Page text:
Jump to content

Army PA Life


Recommended Posts

If you are a new PA in the Army expect to be assigned as the medical officer in a maneuver (field) battalion. This means you go where the battalion goes. If they go to the field. you go to the field If they are deployed, you are deployed.  In summary you are the medical provider for that battalion and responsible for the medical care of the soldiers of that battalion. In addition you are part of the battalion staff. You are the chief advisor to the battalion commander on all medical matters.

In the cantonment area you will more than likely be assigned to a Troop Medical Clinic. In the mornings you will be  providing sick call for active duty soldiers.  In the afternoon you will either train your medics or be assigned a position at the local military hospital on the post you are assigned to. More likely than not it will be some sort of Urgent Care clinic where you will see walk in Retirees, dependents  or Active Duty Soldiers. You might be assigned to work some weekends covering the Troop Medical Clinics or the Emergency Room. 

In the field you will live with your medics. You are responsible for everything medical in the field. Everything. This includes your medics, supplies and the medical care provided. You are responsible and accountable for all the medical equipment in your battalion aid station. You will need a strong group of medics to help and support you. This may be your biggest challenge. I have seen many Army Physician Assistants fail because of lack of training of your medics within your section. This training includes medical, supplies and administration of providing medical care in the field.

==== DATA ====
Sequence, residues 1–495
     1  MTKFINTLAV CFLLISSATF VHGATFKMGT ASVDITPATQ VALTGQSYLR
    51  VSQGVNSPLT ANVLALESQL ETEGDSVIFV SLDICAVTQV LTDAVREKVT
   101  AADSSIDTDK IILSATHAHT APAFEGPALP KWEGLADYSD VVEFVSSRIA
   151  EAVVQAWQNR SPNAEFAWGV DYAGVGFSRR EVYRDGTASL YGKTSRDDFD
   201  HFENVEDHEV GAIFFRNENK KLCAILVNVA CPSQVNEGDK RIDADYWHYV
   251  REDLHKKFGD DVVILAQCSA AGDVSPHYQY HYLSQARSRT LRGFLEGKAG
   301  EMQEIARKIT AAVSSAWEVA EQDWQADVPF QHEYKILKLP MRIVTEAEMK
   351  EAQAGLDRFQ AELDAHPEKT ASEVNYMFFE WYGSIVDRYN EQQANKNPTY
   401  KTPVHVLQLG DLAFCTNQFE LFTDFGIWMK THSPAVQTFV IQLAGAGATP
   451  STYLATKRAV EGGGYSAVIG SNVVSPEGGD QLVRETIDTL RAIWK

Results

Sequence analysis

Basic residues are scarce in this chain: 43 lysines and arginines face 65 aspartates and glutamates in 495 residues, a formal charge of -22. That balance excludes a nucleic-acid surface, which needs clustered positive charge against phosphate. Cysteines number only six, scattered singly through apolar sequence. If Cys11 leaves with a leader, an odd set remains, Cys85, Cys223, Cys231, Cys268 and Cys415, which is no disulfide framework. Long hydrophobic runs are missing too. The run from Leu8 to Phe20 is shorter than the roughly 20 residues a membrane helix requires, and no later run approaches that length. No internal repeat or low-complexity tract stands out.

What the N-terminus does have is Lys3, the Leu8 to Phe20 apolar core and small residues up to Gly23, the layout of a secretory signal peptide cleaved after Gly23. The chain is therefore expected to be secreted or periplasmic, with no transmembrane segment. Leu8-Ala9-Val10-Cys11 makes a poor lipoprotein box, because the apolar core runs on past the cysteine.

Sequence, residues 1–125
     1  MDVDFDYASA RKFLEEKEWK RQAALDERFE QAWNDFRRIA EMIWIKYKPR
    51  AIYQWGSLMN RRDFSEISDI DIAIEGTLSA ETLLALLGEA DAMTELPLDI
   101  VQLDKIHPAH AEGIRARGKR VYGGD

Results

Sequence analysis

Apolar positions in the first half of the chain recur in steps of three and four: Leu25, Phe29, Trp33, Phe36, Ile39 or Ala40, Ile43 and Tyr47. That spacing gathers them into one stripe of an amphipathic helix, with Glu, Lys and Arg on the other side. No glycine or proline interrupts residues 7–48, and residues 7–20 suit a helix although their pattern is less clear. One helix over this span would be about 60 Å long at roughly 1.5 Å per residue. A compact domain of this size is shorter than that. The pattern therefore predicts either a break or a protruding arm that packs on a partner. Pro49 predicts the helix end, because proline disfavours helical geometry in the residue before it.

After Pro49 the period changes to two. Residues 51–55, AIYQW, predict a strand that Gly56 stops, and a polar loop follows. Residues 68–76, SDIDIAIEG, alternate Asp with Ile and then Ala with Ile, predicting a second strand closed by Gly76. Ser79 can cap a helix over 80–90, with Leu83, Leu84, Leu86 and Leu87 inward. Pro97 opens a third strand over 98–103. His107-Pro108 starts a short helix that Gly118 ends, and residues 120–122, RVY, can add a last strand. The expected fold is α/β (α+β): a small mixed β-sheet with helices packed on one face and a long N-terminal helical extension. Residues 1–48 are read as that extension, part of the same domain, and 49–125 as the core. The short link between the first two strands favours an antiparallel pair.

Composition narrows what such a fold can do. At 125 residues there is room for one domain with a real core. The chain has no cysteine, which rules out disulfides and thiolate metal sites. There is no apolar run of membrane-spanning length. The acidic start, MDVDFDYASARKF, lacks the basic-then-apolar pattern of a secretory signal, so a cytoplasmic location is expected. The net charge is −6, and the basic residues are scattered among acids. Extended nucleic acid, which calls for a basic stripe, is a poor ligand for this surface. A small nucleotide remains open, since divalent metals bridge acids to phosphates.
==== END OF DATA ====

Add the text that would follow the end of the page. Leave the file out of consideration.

In regards to duty stations, if you are a new Physician Assistant look at the Army locations that support maneuver divisions. Ft Bragg, Ft Campbell, Ft Hood etc. That is where you will go. The Physician Assistant position in the Army is to support the ground troops at the lowest level. Just a handful of positions are available at non division level duty stations.

As far as favorite duty stations I would say I enjoyed all of them. Some more then other. I always told my medics if you want to be miserable you will be. If you are surrounded by good people then life is not bad.  I had great medics working for me.  My Commanders respected my opinions. My last duty station was Ft Leonard Wood, MO. I loved it there. Worked Troop Medical Clinic in AM and Primary Care some afternoons and at my Engineer Battalion Aid station several days a week. I never made it to Europe but every PA I ever talked to  enjoyed that tour of duty. It is a accompanied tour meaning you can take your family. Also did TDY (180 day short tour) to Ft Wainwright/Greeley Alaska. Great tour. ETS from the Army was when told I would do a one year tour to Korea unaccompanied.  My wife had just had just given birth to our little girl and I had a two year old son. Wasn't going to leave her by herself so I got out after 12 years and finished in the Army Reserves and National Guard.